And scene; porcine.

by Lewis

It was not the ending I planned. Starla wept next to the heaving, convulsing body. Her blood red eyes, drained of life watching the life drain.


Starla was 54/39 depending on if you asked her doctor or her director. A shining star and leading light of Richmond’s Starlight Players. Fresh from West End fame (chorus, Bernadette, June 1990-July 1990) she had gained notoriety for her eccentricities and occasional on stage breakdowns.

There was the season she stabbed one of the Assistant Stage Managers to prove there was an issue with the prop knife. Followed by the rhyming couplet season, which happened for no particular reason. Then there was the time she shaved her head for charity (it turned out to be a wig). And last season had seen the arrival of Damocles the Wessex Saddleback. Pristine, beautiful, diamond collared Damocles. Who snuffled and grunted through rehearsals, eating anything left around including the 80s mobile phone that had been hand made by the same unfortunate ASM from the ‘puncture incident’.

I had suffered through her tantrums, her insufferable excess, the fabricated tales of her wild past relayed endlessly, the scheming and fixing of peoples lives and loves, the glorification of downfalls, but Damocles, the swine, was a step too far.

My mother who made me call her Miss Starla and stepped over my only two lines. Who called Damocles her darling babe. Washed him daily. Oiled his back. Scrubbed his trotters and teeth. Whilst I fetched her coffee, picked up her prescriptions and dropped her off round the block so no knew she was a ‘mother’, she fed him fancy desserts, combed his tail and told the world of their love.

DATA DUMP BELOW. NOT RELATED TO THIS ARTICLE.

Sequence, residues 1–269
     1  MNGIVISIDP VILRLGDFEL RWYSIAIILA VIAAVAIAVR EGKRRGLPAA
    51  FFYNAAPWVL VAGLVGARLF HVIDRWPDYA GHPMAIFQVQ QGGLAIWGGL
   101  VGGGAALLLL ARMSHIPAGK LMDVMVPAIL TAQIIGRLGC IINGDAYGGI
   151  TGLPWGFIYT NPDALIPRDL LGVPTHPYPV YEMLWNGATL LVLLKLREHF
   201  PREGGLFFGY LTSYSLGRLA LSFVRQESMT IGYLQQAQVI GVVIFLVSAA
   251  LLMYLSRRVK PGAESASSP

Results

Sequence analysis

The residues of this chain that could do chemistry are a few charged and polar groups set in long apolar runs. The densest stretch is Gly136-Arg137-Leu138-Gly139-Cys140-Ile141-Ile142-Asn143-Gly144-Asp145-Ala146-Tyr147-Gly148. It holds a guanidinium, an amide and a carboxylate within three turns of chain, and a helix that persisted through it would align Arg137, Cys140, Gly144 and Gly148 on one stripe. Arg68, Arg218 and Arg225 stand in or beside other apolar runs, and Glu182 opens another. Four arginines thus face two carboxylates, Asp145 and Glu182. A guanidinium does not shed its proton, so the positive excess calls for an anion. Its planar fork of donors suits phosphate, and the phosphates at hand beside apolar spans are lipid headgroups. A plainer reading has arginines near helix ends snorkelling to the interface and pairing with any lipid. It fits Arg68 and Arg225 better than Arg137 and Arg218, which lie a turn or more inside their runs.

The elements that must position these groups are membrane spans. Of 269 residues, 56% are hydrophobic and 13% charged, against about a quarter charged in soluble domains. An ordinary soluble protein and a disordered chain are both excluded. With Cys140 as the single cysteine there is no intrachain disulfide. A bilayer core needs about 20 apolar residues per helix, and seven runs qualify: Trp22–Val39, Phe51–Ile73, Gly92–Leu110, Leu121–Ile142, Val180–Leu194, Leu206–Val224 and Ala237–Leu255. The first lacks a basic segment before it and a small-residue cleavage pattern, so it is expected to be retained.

At first I tried small things, slipping bacon into his food bowl, turning the temperature up on his electric blanket. But he never batted an adorable eyelash. I paused a long time before I put the slug pellets in his food. Just a few to make him sick. Maybe he’d loose his shine after a bit of Porcine vomit.

It was production week and the storm was in full flow in Act 1 of The Tempest, the wind raged, thunder roared, lighting flashed. The cry of “A plague upon this howling! they are louder than the weather of our office” cried out, but the wind howling did not end on cue. In fact it got louder and louder. That was when Damocles frothing at the mouth, howling and squealing crashed into a bucket of fake blood and fell convulsing to the floor. Starla screaming bloody murder rushed to his side. I watched aghast at the horrifying scene unfolding in front of me. Fake blood soaked hands frantically searching for a wound, whilst poor poisoned, wild eyed Damocles writhed and howled.


I walked away unable to watch. I tried to stop myself from wondering if Mother had ever gotten that dirty for me before. And that was when I saw his food bowl. Untouched by hand nor snout. I realised at that moment that if he hadn’t eaten it, I hadn’t poisoned him, which means it was something else.

I turned back to the scenes of Carrie style horror flashing around me and it struck me. The lights. He was having an epileptic fit. I raced to the wall and pulled the plug, plunging the room into darkness. People were running panicking by this point, cries of another stabbing rang out. I watched in the dim glow of the emergency exit signs, as a blood drenched Sharon in her too revealing for her real age Miranda dress, soothed and calmed him.

“The jewel in my dower, I would not wish

Any companion in the world but you,

Nor can imagination form a shape

Besides yourself to like of.”

After a while he fell quiet. Just a gentle grunt and snuffle in her lap. I confess it was the only time she ever moved me to tears on stage.